Gratitude is not only the greatest of virtues, but the parent of all others – Cicero
The media tells us that despite Australia being one of the most affluent countries in the world and having weathered the global financial crisis reasonably well, Australians feel under pressure. They worry about the cost of living and whether interest rates will rise. It seems they are not in favour of taxes, like the carbon tax, that might reduce carbon pollution and address global warming. And our kids are no different. They complain if they don’t have the latest gadgets or if we ask them to spend more time helping at home. Yet we all have so much to be grateful for.
A recent article in The Australian* prompted me to consider how we can express gratitude in our lives and encourage our children to be grateful. Being grateful means we focus more on what we have, not what we lack. It makes us notice those aspects of our lives that we often take for granted, like our family and friends, our beautiful natural environment and everyday miracles, like having a delicious meal to eat or a comfortable bed to sleep in.
A recent piece of research on the topic conducted with over 1,000 early high school students showed that teenagers who expressed higher levels of gratitude, for instance a higher appreciation of other people or a thankfulness for the beauty of nature, had higher levels of happiness and did better at school than others who were less grateful. Regardless of the level of wealth, students who expressed gratitude had a more positive outlook on life and were less likely to feel envy or be depressed.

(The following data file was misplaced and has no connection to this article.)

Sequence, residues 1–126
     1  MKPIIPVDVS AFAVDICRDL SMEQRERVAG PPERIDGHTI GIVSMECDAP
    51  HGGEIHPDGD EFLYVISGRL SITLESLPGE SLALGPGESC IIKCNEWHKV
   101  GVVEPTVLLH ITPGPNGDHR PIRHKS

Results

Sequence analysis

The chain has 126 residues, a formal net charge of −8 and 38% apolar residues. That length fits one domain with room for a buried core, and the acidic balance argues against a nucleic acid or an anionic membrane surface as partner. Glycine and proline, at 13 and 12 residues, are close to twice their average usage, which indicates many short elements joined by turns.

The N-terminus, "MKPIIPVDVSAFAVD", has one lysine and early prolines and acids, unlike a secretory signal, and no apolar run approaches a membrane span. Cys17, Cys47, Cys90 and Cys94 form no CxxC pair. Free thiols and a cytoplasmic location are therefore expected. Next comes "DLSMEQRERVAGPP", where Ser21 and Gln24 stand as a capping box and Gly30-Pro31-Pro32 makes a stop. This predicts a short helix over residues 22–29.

You may not have looked at it this way, but I want to suggest to you that gratitude is like a muscle that can be built up – the more we practise it the more the muscle strengthens! I want to show you 5 ways in which you can help your teenage son or daughter – build the mental-muscle of gratitude:
- Show gratitude in your own life and model being grateful for small and big things. Say it out loud. Be thankful for your kids and your partner.
- Set a regular time for your family to speak about what they are grateful for. This could be when you are gathered for your evening meal or in the car on the way to school.
- When trouble comes along, try to see a silver lining (if there is one). This helps young people to avoid catastrophising and helps everyone keep things in perspective. Obviously, some events are painful or difficult and this is not to diminish the individual’s experiences. But sometimes, by stepping back a little, we can see the bigger picture.
- Thank people and acknowledge what they do for you. Notice the person who serves you at the supermarket or helps you at the hardware store. Be courteous to call centre workers who are often doing their best to help you.
- When you can, help those who are struggling or less fortunate. Remember that there are always people who are less well off than you.
Building an attitude of gratitude into our lives will improve our mood and help us to keep the irritations of life in perspective. It helps us build a buffer so that we can better handle life’s disappointments. I don’t mean this in an unrealistic way. There are clearly some tragic events that beset people that are terrible – and it isn’t our job to make light of them. But, the practice of gratitude can also help us appreciate the richness in our lives and reminds us to express our thanks to those around us.
-Michael Hawton, MAPS
Child & Family Psychologist
Kapp, Diana 2013, ‘Teaching children to count their blessings is a life lesson well worth the effort’ The Australian
Froh, J et al 2010, ‘Gratitude and the reduced costs of materialism in adolescents’ Journal of Happiness, vol 12, no. 2